[WhorldTrace PIC] JavaArt Chapter 4.   Visualization with Whorld


This chapter does not appear in the book.


The aim of this chapter is to create a visualizer that can turn any executing Java program into a pleasing animated kaleidoscope. The approach I've chosen is summarized by the diagram at the top right.

The application being visualized is monitored by a tracer implemented using the Java Platform Debugger Architecture (JPDA), specifically its Java Debug Interface (JDI) API. The JDI can be configured to watch for execution events such as the loading/unloading of classes, object state changes, method entry/exit, code execution, and JVM state changes. The details of such a tracer were explained in the last chapter.

This chapter describes a tracer called WhorldTracer, which watches for method entries and returns, and converts the details into MIDI messages sent to the Whorld visualizer.

[Whorld PICs]

MIDI (Musical Instrument Digital Interface) is a protocol that enables electronic musical instruments (e.g. synthesizers, sound cards, drum machines) to communicate and synchronize.

Whorld converts MIDI messages into animation parameters, which generate a myriad of swirling 'psychedelic' patterns. The pictures on the right, taken from the Whorld website, show some of the many possibilities.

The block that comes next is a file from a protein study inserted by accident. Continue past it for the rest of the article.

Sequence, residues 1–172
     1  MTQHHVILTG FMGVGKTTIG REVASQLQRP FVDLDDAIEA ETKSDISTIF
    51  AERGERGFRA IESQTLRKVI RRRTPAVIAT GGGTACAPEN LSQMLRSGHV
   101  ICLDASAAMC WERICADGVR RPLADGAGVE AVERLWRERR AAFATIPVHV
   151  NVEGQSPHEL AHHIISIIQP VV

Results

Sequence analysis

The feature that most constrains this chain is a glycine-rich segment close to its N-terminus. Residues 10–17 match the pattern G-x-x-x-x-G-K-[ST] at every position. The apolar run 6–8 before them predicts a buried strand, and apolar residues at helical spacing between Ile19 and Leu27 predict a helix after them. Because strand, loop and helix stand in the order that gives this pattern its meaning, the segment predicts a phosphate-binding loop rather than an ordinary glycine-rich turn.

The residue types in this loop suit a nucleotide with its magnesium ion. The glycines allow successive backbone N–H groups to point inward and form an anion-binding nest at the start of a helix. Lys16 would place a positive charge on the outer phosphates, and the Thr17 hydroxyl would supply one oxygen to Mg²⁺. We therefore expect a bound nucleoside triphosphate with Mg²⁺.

The diagram below on the right is a Whorld animation generated by my WhorldTrace application. Each method call in the traced application is converted into a Whorld 'ring', which gradually grows, multiplies, and spreads out from the center of the screen until it disappears off the edges of the visualization window.

[Visualization PIC]

I'll start by explaining Whorld's capabilities, then how WhorldTrace is connected to Whorld using the LoopBe1 internal MIDI driver.

MIDI is only used as a message passing mechanism, and Whorld immediately maps the messages into animation parameters. As a consequence, we only need to employ (and understand) a tiny part of the extensive MIDI features offered by the Java Sound API.




Dr. Andrew Davison
E-mail: ad@fivedots.coe.psu.ac.th
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